My last name is hard to pronounce. It’s not that it’s particularly long or polysyllabic, it’s that saying it involves parts of the tongue and throat that are not typically used in English. While the true pronunciation involves a guttural clearing of the throat, a flat tap of the tongue on the back of the front teeth, ending with a vibratory, hybrid “t” and “r” sound, most of the time I make it simpler for my patients.
“Hi, I’m Dr. Akhter,” I say to families I meet in the pediatric emergency department – my last name becoming an echo of the title before it, sounding something like “Doctor Octor.” Occasionally, a young patient I see picks up on this and laughs. “That’s really your name?” they ask. Well no, not really. My actual last name, pronounced properly, means “galaxy” in Persian. It was the last name my Indian grandfather gave to his seven children to pay homage to their young mother, whose name was Akhtari. It was a name given out of respect for women and motherhood. But I don’t go into all that.
“Yeah, that’s my real name,” I say with a smile.
The one time I take exception to the Westernized pronunciation of my name is when I’m seeing patients of South Asian heritage. Most of us can recognize a lot about a person from their last name: Khans are usually from a Muslim background, Kaurs from Sikh, Patels from Hindu, D’Souzas from Christian. (There are subdivisions of these broad generalizations, based on caste, geography, gender, histories of trade and conquest or other variables.) Akhter, or Akhtar, is a common South Asian Muslim last name.
“I’m Dr. UH-khh-tudr,” I say to my patients and families of South Asian backgrounds, as I see their eyes moving from my face to my badge. In Seattle, where I practice, most South Asian families I meet in the emergency department are first-generation Indian immigrants from Hindu backgrounds, attracted to the city by opportunities to work in the technology sector. With all the violent anti-Muslim rhetoric and turmoil in India these days, I always wonder what they think upon encountering me, an American-born Indian Muslim doctor.
In Seattle, news of the coronavirus arrived in early February, around the same time that I was becoming more aware of the escalating violence and hate-filled rhetoric toward Muslims in India. Although this kind of malice has existed for a long time in India, it has found particular clarity since Prime Minister Narendra Modi came to power, and it’s gotten much more severe in recent months. My extended family all over the world were following the news closely. As the disaster leaders at my hospital started putting coronavirus plans in place almost immediately, and the situation on the ground seemed to be changing minute-by-minute, I struggled to keep up with the information coming from my hospital and the news about India coming by way of my family.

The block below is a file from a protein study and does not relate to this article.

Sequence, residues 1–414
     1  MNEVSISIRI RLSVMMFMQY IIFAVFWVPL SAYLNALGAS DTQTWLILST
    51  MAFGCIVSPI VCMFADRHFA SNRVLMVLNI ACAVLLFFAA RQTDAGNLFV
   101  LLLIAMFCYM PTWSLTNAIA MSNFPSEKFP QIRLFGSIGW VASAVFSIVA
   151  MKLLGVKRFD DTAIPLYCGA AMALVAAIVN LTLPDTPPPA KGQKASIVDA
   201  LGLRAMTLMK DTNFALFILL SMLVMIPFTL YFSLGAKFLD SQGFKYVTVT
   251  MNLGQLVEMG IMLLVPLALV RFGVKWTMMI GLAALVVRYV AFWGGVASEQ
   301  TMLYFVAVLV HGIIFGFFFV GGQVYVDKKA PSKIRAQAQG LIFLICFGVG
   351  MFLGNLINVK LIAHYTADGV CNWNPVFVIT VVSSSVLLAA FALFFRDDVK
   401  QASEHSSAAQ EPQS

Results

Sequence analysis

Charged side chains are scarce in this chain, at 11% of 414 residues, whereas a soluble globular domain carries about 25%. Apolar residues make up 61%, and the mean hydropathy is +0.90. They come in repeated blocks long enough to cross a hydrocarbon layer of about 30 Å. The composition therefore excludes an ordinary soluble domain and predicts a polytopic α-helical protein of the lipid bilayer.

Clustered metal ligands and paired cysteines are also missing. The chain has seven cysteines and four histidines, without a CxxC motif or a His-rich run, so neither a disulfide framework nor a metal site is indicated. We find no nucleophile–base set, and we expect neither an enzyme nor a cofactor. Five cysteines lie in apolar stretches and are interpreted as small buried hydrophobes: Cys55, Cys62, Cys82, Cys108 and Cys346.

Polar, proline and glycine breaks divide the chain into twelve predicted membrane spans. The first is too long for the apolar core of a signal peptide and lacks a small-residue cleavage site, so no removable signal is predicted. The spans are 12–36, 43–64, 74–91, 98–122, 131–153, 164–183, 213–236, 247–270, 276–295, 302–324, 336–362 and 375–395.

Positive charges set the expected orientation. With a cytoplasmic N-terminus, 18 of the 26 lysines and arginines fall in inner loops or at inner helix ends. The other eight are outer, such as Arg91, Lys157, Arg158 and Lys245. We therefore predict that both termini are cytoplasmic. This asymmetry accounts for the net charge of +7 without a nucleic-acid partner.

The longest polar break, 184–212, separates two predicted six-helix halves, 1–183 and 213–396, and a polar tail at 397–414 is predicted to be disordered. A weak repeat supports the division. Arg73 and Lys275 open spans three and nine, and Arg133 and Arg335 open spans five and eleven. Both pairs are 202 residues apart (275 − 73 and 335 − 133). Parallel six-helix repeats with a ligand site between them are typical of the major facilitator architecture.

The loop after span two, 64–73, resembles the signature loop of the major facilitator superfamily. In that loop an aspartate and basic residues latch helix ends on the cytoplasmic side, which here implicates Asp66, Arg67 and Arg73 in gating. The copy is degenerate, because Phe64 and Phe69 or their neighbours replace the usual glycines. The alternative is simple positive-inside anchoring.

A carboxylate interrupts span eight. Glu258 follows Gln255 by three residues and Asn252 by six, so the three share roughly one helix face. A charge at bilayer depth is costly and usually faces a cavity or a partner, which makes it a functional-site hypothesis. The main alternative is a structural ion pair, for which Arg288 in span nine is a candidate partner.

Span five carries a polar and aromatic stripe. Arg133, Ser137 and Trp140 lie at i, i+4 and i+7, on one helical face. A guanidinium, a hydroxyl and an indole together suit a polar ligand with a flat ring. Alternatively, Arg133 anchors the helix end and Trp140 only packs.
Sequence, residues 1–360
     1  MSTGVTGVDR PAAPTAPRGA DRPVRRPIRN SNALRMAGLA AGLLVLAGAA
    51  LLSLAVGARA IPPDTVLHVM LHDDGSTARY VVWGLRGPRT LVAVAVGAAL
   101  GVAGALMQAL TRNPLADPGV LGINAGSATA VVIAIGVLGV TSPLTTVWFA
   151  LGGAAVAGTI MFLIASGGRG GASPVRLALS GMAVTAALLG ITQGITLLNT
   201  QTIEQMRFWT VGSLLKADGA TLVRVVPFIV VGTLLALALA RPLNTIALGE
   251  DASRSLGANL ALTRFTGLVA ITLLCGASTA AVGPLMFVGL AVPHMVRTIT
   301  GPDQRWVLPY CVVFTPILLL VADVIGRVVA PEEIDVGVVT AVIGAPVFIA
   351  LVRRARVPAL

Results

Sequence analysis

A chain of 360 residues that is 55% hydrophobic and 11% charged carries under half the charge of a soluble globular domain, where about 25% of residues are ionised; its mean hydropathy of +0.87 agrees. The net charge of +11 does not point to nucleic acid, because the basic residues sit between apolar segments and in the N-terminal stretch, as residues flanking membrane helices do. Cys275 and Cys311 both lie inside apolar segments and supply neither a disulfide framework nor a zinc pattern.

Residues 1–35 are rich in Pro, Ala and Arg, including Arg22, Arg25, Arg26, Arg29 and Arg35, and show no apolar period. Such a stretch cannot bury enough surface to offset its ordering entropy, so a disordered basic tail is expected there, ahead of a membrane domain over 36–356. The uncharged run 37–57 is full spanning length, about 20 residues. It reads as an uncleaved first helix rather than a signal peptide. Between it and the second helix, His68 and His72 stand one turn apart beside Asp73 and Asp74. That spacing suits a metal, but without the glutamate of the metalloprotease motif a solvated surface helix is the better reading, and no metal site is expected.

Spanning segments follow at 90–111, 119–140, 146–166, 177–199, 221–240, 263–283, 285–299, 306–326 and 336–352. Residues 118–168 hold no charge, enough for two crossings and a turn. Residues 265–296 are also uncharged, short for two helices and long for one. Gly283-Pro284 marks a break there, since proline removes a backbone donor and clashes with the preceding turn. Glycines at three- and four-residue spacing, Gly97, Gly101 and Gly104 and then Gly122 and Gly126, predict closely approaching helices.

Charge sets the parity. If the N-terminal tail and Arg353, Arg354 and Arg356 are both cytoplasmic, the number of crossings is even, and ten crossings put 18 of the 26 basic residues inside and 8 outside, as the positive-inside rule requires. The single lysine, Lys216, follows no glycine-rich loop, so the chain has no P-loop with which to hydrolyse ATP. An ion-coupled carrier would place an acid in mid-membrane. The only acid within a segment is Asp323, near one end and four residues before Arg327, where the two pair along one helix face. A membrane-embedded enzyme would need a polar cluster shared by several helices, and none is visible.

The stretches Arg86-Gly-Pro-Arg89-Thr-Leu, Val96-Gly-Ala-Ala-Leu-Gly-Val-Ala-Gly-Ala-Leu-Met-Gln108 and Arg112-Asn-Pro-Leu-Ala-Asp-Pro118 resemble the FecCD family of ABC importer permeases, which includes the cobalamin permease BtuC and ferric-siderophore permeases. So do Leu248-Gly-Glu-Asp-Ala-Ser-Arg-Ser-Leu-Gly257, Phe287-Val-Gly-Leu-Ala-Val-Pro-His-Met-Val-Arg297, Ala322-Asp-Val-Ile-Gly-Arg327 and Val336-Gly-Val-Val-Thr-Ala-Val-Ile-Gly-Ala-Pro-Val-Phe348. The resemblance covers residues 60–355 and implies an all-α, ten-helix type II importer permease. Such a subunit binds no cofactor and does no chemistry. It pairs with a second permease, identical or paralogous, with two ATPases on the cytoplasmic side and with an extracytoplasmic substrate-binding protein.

It’s a strange thing, being Indian and Muslim and American all at once: Trying to reconcile who to consider a part of your community and who may look upon you with contempt, as you transit this world in its various spheres, is a constantly shifting exercise. It has been unnerving in my life in America to be lumped into the same rubric as everyone else on the subcontinent under the label South Asian, or worse, just Asian. When I was a child, I was acutely aware from an early age just how my family was different from the Hindu kids at my school. But that we didn’t share the same holidays, foods, rituals or names meant little to my white classmates. I was still, according to them, destined to marry Rahul, my Hindu neighbor two doors down, and the only Indian American boy in my grade, because, obviously. We were similar in the ways that our mothers made us do extra workbooks on weekends and classes during summers, but I knew, in the granular way that children do, that we were different.
Even with that primal knowledge, I have always been friends with other subcontinent immigrants and their children – some of my deepest friendships are with people from Hindu, or Buddhist or Jain backgrounds. In my life in the United States, I rarely consider someone’s religious background before putting my trust in them. I have celebrated Diwali and Holi with Hindu friends, and they have celebrated Eid with me. This has been the wild success of the indiscriminate aggregation of all of us South Asian brown people in America – this coerced mash-up in a new place, where finding your brethren forces a kind of reconciliation, though imperfect, of your differences. That so many of my South Asian American friends and acquaintances from every faith and cultural background have been activists and allies for each other’s causes has always felt completely natural to me. I have never questioned what the parents or grandparents of my friends might have felt about me in the quiet of their own homes, though I have had many hints along the way.
But now, everything feels different.